Per Mini's instructions, the bread went into a cold oven, then spent the first 25 minutes at 200C in convection mode.  After that, I took the roaster out of the oven, pulled the loaf pans from the roaster and put them back in the oven, then switched the oven from convection mode to a top and bottom heat mode, still at 200C.  Not knowing exactly how long they would take to reach the recommended internal temperature of 93C, I checked back in 20 minutes.  The internal temperature was barely 91C, so I gave them an additional 5 minutes.  At that point, the thermometer showed 94C, so I removed the bread from the oven and depanned the loaves onto a cooling rack, covering them with a cotton towel.  A few hours later, after they were thoroughly cooled, I put each in a plastic bag.

If you read Mini's account and compare it to this one, you'll notice that the added soakers and the division into two loaves are not my only departures from her formula.  She is working with a finely ground rye flour (Type 950, I think) that, back in the States, I might call a medium rye.  What I have available is a stone ground whole rye with noticeable flecks of bran.  I think that my dough was a bit stiffer than she describes hers, probably because of the additional absorption of the bran.  Consequently, I wasn't bashful about working additional water in from either the countertop or my hands.

Having given the bread 25 hours to for moisture distribution and stabilization, I cut into one of the loaves this afternoon.  Several things became evident.  First, I could have allowed the ferment to continue longer.  These are not bricks but neither did they achieve the airiness of crumb that Mini's bread shows.  My concern about over-proofing made me a little too twitchy.  I think that is going to be one of those experience things (with probably at least one flop) to know how much is enough and how much is too much.  Second, the bread spices that were so evident during the baking have taken a backseat to the rye itself in the finished bread.  They are still in there, but they are the background singers to the rye's lead (if we were talking music).  The sunflower seeds add a bit of nutty crunch and flavor to the blend.  The crumb is very moist and cool but not gluey.  Were it not for the textures of the the cracked rye and sunflower seed soakers, it would be almost cakelike; albeit a very dense and chewy cake.  There's a lot going on in this bread and it's only Day 1.  I'm curious to see how the flavors evolve as the bread ages.  Most importantly, my wife likes it!  Since it was intended for her benefit, that's a good thing.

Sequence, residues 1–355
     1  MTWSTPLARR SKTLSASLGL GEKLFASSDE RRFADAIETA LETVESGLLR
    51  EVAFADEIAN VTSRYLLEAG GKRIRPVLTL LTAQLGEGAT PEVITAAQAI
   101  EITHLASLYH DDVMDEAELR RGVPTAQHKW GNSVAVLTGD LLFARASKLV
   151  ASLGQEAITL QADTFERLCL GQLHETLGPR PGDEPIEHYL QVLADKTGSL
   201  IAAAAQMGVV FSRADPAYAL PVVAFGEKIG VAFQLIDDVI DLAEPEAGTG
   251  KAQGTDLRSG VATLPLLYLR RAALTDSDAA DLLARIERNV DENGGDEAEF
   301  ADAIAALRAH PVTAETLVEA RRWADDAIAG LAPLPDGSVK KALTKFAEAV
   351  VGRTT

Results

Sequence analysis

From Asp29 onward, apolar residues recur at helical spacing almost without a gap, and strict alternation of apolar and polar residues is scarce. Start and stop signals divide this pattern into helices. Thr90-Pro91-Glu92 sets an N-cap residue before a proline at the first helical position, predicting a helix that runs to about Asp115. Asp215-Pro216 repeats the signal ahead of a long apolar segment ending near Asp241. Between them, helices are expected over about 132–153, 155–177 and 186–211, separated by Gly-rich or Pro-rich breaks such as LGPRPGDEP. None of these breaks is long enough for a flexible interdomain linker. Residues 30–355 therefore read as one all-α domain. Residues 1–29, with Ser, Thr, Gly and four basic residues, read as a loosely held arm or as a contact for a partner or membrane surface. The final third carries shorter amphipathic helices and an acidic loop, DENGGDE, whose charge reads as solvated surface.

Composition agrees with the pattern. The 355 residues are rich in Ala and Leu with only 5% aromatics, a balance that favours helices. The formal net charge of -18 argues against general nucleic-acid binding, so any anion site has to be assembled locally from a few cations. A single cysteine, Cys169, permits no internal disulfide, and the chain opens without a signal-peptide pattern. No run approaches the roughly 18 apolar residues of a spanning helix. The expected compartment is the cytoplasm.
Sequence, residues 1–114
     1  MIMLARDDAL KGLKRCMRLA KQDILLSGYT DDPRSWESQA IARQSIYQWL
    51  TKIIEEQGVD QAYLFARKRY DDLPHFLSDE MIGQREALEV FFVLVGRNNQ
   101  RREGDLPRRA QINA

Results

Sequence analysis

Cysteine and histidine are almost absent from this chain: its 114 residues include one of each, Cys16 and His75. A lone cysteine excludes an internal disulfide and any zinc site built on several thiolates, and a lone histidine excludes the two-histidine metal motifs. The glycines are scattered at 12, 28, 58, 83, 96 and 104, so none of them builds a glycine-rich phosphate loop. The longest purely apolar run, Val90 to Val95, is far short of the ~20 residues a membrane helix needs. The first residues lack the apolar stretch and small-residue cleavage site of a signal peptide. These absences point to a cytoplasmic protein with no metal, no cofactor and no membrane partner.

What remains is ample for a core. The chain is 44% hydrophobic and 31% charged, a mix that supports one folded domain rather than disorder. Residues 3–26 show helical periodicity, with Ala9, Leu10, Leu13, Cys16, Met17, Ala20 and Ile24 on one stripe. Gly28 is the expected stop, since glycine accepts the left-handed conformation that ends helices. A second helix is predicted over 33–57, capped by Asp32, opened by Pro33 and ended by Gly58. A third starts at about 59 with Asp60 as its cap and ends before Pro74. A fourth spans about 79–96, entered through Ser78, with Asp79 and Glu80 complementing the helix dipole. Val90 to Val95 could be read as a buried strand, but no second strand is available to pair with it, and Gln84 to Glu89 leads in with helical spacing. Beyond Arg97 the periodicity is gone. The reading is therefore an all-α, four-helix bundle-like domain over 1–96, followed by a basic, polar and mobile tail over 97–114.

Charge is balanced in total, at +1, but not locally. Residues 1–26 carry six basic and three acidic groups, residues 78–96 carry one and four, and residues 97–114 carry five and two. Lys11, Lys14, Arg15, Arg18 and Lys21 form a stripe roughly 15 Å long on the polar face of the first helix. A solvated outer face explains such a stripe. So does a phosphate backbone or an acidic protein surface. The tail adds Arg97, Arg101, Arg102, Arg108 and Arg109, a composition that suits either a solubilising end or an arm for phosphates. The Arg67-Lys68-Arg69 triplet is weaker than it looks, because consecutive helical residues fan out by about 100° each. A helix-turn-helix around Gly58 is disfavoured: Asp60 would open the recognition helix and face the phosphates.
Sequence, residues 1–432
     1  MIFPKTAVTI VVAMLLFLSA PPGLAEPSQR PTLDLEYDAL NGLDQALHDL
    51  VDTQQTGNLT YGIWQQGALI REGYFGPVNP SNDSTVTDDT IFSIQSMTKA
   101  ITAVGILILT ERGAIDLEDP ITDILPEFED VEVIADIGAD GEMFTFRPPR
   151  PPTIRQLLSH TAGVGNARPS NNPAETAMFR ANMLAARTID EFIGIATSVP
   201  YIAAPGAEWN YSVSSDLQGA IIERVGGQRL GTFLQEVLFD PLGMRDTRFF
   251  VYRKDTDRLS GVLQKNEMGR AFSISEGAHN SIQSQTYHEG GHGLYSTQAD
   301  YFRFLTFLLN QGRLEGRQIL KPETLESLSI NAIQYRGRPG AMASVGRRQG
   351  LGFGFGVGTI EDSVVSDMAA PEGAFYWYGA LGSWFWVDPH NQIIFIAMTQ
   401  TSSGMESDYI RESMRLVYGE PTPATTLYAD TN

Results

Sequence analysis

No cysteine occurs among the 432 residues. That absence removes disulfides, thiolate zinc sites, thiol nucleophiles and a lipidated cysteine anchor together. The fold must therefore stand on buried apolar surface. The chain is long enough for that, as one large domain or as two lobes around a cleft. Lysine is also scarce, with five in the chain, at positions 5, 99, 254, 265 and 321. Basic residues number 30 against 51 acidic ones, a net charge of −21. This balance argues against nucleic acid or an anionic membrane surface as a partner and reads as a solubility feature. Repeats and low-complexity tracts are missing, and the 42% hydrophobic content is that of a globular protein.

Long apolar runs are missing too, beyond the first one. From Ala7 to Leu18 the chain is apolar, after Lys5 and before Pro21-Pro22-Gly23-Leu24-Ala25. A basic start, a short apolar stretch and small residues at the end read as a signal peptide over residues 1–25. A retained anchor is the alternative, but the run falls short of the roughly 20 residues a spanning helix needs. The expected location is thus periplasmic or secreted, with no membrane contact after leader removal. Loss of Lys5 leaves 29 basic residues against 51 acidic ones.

The first picture, below, shows the loaf profile and crumb.  Like I said, not a brick but more proofing would have been allowable.

The second picture, below, shows the "crackle" texture in the flour sprinkled on top that was caused by the loaf's expansion during proofing.

There are things that I might do differently next time.  I'd probably skip the rye flour dusting in the loaf pans and use a solid fat instead of oil.  The oil/flour residue on the sides of the loaves isn't visually appealing to me.  I might also skip the dusting of flour on top of the loaves.  It was my choice rather than anything Mini recommended and I don't know that it helped me to ascertain readiness as much as I had hoped.  Oh, and I would try to remember to dock the loaves prior to baking.  That step got left out entirely and it was probably only because the loaves were somewhat underproofed that I don't see any problems as a result.

Thank you, Mini, for sharing your formula with us.  Once I feel like I have a handle on this bread, I'd like to try some that have a very long, low-temperature bake to see if I can approximate a pumpernickel that is baked in a WFO overnight.

Paul

MmeZeeZee's picture

Hamelman's 80% Sourdough Rye with a Rye-Flour Soaker

August 27, 2010 - 1:00am -- MmeZeeZee

Okay, I think Lepard just has too specific a technique for me and that there is something fundamentally different about my flour, my home, my hands, I don't know, for me to use his recipes for a new grain or new technique.  I find Hamelman's recipes more universal, and fascinatingly, then when I go back to Lepard, I find it works better though it still seems to me I'm following the recipes.